Going in, they knew they faced a tough task.
That was to meet the $70,000 goal for the annual "A Helping Hand at Christmas" program in an area beset by high unemployment and a sour economy.
They didn't quite make it, but still came close.
John D. Wainwright, chairman of the Helping Hand program co-sponsored by the Merced Salvation Army branch and the Merced Sun-Star, said about $65,300 was raised this year. A few more donations still may be received.
Jessica Pearce, Salvation Army administrative assistant and Helping Hand coordinator, said her organization will be able to help more people throughout the year with program donations.
"I'm glad so many people were able to give," Pearce said. "People saw we really needed it, and overall the program went well."
Wainwright, who's been the chairman for the 22 years the Christmas-season program has been running in Merced, said contributions can still be made to Helping Hand. Customarily, a few donations come in even after the first of the year.
"With the U.S. economy and troubles in our community, I think that figure ($65,000) is awfully good," Wainwright said. "It was a very successful program this year, even if some donations were pared down a little bit. I feel really happy we received what we did."
Hank Vander Veen, Sun-Star publisher, said fundraising totals represented an uplifting effort in a tough year.
"That's awesome, really good," Vander Veen said. "We appreciate the involvement of John Wainwright. I didn't think we had a shot at it. I continue to be impressed with people stepping up to help the program." A similar effort undertaken in Modesto only yielded about $45,000, he said.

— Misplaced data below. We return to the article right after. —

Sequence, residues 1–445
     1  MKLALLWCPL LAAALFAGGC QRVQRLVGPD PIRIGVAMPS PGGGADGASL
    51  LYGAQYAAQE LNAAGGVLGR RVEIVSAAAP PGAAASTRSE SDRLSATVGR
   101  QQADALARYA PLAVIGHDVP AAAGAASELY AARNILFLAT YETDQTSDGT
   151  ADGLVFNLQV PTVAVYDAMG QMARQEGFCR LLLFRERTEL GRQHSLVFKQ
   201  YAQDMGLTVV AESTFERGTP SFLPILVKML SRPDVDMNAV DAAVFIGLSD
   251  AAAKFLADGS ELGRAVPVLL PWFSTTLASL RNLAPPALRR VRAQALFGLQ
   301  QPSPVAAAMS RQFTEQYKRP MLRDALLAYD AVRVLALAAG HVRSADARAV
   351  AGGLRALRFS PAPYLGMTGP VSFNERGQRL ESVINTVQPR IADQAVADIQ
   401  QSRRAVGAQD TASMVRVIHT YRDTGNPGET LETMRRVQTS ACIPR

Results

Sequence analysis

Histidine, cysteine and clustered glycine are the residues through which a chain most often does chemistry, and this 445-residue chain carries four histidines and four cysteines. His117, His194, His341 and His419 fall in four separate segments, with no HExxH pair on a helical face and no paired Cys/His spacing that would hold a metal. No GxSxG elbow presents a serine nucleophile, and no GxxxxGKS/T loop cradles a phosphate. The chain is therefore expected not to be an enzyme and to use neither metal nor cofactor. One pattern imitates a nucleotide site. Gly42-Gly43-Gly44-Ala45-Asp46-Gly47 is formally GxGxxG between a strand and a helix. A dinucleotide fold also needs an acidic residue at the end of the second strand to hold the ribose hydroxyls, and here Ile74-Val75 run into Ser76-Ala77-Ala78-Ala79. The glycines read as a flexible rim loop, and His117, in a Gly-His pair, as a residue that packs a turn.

Over the course of the program's tenure, about $987,000 has been raised to meet needy individuals' needs. The Salvation Army administers the program and disperses donations to qualifying individuals and families.
Pearce said 15 families were aided this time around. Help with rent and mortgage payments was the big need this year. In one instance, a man couldn't work while his wife undergoes cancer treatment. In another case, a man died, and his family couldn't pay rent while taking care of funeral costs. Several family breadwinners either lost jobs or had their hours cut back. Some people had trouble paying rent while covering medical expenses, she said.
Capt. Raymond Erickson-King, Salvation Army commander in Merced, said Helping Hand fundraising went better than expected and the program should be able to help people at least through the end of this month.
"Needs were greater this year," Erickson-King said. "We have seen more people seeking assistance compared with last year. I want to say thank you to the community for all their support. Without them, we wouldn't be able to do what we do to help people."
In 2007, a total of $72,870 was raised for Helping Hand.